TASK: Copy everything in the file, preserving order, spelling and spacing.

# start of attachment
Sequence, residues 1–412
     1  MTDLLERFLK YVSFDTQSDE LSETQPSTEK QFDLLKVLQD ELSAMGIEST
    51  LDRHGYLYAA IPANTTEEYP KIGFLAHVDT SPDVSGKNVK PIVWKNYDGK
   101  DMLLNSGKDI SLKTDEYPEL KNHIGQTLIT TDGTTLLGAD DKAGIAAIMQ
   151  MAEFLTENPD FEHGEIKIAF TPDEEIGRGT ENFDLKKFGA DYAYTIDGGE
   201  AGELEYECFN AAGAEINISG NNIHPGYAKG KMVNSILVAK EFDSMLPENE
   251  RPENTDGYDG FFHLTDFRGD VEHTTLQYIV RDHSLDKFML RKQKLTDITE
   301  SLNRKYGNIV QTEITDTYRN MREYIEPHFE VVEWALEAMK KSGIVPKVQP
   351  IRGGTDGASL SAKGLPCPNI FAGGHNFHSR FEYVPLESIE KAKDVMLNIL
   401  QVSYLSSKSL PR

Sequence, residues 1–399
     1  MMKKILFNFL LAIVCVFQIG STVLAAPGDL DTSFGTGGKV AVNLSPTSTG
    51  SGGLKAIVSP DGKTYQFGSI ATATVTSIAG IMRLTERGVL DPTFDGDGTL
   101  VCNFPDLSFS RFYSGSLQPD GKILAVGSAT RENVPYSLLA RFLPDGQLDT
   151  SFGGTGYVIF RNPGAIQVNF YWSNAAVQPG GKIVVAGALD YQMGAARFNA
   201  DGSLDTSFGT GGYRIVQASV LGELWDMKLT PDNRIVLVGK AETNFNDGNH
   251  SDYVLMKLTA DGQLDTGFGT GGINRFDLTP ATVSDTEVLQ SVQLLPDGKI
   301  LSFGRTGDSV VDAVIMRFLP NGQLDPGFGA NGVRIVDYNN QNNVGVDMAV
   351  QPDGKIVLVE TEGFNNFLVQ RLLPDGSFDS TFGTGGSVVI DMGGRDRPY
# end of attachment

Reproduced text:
Sequence, residues 1–412
     1  MTDLLERFLK YVSFDTQSDE LSETQPSTEK QFDLLKVLQD ELSAMGIEST
    51  LDRHGYLYAA IPANTTEEYP KIGFLAHVDT SPDVSGKNVK PIVWKNYDGK
   101  DMLLNSGKDI SLKTDEYPEL KNHIGQTLIT TDGTTLLGAD DKAGIAAIMQ
   151  MAEFLTENPD FEHGEIKIAF TPDEEIGRGT ENFDLKKFGA DYAYTIDGGE
   201  AGELEYECFN AAGAEINISG NNIHPGYAKG KMVNSILVAK EFDSMLPENE
   251  RPENTDGYDG FFHLTDFRGD VEHTTLQYIV RDHSLDKFML RKQKLTDITE
   301  SLNRKYGNIV QTEITDTYRN MREYIEPHFE VVEWALEAMK KSGIVPKVQP
   351  IRGGTDGASL SAKGLPCPNI FAGGHNFHSR FEYVPLESIE KAKDVMLNIL
   401  QVSYLSSKSL PR

Sequence, residues 1–399
     1  MMKKILFNFL LAIVCVFQIG STVLAAPGDL DTSFGTGGKV AVNLSPTSTG
    51  SGGLKAIVSP DGKTYQFGSI ATATVTSIAG IMRLTERGVL DPTFDGDGTL
   101  VCNFPDLSFS RFYSGSLQPD GKILAVGSAT RENVPYSLLA RFLPDGQLDT
   151  SFGGTGYVIF RNPGAIQVNF YWSNAAVQPG GKIVVAGALD YQMGAARFNA
   201  DGSLDTSFGT GGYRIVQASV LGELWDMKLT PDNRIVLVGK AETNFNDGNH
   251  SDYVLMKLTA DGQLDTGFGT GGINRFDLTP ATVSDTEVLQ SVQLLPDGKI
   301  LSFGRTGDSV VDAVIMRFLP NGQLDPGFGA NGVRIVDYNN QNNVGVDMAV
   351  QPDGKIVLVE TEGFNNFLVQ RLLPDGSFDS TFGTGGSVVI DMGGRDRPY